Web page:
from the world's big
Getting a good night's sleep just took on a whole new meaning.
- A new study introduces a new method for determining your personal circadian rhythm.
- This could have profound effects on combating cognitive disorders and helping patients understand when to take medicine.
- The blood test measures a person's biological clock to within 1.5 hours.
Photo: Yuris Alhumaydy / Unsplash<p>The human circadian rhythm approximates with the rising and setting of the sun, though that's not the final word in this story. Before electric lights we slept in <a href="https://www.sciencealert.com/humans-used-to-sleep-in-two-shifts-maybe-we-should-again" target="_blank">two shifts</a> — still within the timeframe of the rotation of the planet, however. As Daniel Pink writes in <em>When</em>, his book on timing, there is individual variation in this rhythm: 14 percent of humans are what he terms "larks" and 21 percent "night owls," while the majority are "third birds," meaning their midpoint of sleep is between 3–4 am.</p><p>How do you know what feathered vertebrate you are? It turns out your blood can tell you. A new test called TimeSignature, announced in a <a href="http://www.pnas.org/content/early/2018/09/05/1800314115" target="_blank">study</a> published in the <em>Proceedings of the National Academy of Sciences</em>, requires only two blood draws to inform you what your genes say about your circadian rhythms. </p><p>This follows previous, expensive tests requiring numerous blood draws at specific times of the day. TimeSignature measures forty different gene expression markers that signal when you should be sleeping. Though variation might exist dependent upon scheduling — I remember gruelingly working overnight shifts in the emergency room back in college — your genetic make-up doesn't lie. </p><p>Now we can pinpoint the hours we should be unconscious with previously unavailable precision. <a href="https://www.futurity.org/circadian-rhythm-blood-test-1865492-2/" target="_blank">According to</a> Northwestern University Feinberg School of Medicine assistant professor (and lead author of the study), Rosemary Braun,</p><blockquote>This is a much more precise and sophisticated measurement than identifying whether you are a morning lark or a night owl. We can assess a person's biological clock to within 1.5 hours.</blockquote>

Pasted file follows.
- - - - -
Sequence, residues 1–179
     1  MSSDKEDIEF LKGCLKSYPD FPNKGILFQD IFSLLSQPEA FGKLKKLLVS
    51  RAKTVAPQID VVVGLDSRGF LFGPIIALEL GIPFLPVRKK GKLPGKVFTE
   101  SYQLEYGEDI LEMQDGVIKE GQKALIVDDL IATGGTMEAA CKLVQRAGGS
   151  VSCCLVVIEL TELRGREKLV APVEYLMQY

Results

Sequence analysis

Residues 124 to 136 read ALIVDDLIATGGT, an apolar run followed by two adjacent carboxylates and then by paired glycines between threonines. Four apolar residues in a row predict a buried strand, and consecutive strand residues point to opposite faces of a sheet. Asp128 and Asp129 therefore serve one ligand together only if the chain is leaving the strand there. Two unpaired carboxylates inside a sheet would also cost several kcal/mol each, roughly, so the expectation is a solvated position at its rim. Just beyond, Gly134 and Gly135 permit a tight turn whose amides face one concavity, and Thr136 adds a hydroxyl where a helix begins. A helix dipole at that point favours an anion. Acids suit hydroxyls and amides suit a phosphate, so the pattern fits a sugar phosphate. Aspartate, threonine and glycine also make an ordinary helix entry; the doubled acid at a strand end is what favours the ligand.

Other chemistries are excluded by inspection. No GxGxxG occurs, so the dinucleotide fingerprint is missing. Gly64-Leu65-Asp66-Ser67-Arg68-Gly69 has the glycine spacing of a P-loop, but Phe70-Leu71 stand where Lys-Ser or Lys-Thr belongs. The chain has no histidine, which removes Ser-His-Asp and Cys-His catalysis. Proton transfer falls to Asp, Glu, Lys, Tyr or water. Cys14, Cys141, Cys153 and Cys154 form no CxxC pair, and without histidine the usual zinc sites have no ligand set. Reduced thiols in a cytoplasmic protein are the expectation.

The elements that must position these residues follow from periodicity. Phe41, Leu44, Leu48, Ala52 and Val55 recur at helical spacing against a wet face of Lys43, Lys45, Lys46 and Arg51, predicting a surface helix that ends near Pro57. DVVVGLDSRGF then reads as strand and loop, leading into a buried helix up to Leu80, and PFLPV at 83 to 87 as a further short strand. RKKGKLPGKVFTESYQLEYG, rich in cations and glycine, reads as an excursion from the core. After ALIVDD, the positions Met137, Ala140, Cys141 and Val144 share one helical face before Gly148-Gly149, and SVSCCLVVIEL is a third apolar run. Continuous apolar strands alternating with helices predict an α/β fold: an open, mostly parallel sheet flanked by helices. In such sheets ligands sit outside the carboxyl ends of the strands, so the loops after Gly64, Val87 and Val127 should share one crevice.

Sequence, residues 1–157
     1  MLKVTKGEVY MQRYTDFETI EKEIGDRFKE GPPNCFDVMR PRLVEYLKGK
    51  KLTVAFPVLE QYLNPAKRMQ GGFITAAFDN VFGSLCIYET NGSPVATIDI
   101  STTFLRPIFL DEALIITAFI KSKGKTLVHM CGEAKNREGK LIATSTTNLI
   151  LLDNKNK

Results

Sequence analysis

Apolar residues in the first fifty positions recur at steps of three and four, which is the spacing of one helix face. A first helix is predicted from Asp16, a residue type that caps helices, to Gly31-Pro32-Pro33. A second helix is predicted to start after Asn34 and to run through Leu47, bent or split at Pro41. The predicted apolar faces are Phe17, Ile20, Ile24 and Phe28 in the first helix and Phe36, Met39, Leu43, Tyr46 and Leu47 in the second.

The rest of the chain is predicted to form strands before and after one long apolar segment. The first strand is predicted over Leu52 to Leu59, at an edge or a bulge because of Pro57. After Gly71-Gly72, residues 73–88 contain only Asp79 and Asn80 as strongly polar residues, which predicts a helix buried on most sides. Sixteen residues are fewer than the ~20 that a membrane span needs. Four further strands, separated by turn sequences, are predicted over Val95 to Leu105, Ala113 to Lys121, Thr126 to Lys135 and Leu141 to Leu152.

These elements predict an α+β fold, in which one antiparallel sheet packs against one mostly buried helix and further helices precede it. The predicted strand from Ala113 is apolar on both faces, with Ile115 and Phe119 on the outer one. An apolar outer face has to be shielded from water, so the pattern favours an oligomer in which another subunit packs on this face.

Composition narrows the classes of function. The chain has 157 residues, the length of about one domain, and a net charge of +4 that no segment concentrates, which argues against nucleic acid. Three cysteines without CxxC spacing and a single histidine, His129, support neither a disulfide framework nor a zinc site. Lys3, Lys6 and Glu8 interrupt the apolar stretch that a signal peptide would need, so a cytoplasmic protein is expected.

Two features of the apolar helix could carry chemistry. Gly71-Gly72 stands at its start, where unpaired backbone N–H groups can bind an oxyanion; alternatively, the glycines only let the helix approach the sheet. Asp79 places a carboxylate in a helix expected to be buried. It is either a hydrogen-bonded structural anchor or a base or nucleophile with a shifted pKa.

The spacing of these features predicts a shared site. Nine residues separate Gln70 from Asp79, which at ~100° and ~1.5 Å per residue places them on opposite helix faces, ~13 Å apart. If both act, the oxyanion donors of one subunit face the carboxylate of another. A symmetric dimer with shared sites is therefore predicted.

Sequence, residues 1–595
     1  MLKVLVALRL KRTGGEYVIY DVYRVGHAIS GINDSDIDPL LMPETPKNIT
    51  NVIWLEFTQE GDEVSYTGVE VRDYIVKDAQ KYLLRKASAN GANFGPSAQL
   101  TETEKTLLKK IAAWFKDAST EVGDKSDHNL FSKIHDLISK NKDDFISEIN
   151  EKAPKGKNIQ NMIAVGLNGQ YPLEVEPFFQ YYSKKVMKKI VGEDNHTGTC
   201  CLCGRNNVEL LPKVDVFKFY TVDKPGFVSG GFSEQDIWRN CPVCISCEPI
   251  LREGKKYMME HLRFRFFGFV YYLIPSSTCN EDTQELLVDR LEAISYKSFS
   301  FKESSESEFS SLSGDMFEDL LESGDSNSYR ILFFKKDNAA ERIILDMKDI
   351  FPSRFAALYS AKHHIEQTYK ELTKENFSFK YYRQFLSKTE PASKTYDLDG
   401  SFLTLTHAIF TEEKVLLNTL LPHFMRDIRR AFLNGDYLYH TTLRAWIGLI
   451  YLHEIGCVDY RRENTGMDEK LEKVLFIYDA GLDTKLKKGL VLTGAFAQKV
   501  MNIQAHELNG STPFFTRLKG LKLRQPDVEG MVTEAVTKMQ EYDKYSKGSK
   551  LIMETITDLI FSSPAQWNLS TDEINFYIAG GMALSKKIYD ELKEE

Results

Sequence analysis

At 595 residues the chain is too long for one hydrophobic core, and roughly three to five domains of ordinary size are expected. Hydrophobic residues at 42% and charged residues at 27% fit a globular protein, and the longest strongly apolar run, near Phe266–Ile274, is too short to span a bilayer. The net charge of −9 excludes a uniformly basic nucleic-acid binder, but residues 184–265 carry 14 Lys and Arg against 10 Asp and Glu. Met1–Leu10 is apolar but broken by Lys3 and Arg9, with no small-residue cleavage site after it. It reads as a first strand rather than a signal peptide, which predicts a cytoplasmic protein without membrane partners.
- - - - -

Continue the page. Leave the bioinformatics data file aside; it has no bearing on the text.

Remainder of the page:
Before you reach for another glass of warm milk, read this.
It has happened to most of us: being hit with a slew of worries, stresses, and knowledge of what we have to do tomorrow just when we want to go to bed. The resultant strain is made worse when we realize that each moment spent thinking is one less to sleep in. The problem is familiar to the one-third of Americans who report difficulty falling asleep more than one night a week. As sleep deprivation can be the cause of a myriad of health problems, the search for a good night's sleep is one that takes on tremendous importance.
Forty percent of Americans sleep less than seven hours per night, and that's a problem.
If you're constantly tired because you can't break your bad sleeping patterns, this super smart Sunrise Pillow might put you back in the game.
Nutrition, physical activity and sleep are the cornerstones of health. Yet, sleep seems to be the most overlooked, with electronic devices, light pollution, stress, busy schedules, and Netflix all standing in the way. According to the Center for Disease Control and Prevention an estimated 50-70 million US adults have sleep or wakefulness disorder, and more than a third of adults are getting less than the recommended minimum of seven hours of sleep. People with sleep insufficiency are more likely to suffer from chronic diseases such as hypertension, diabetes, depression, and obesity, as well as from cancer, increased mortality, and reduced quality of life and productivity.
The pair of papers suggest that sleep is crucial in order to wipe out memories. Yep – it turns out that, sometimes, it's smart to forget.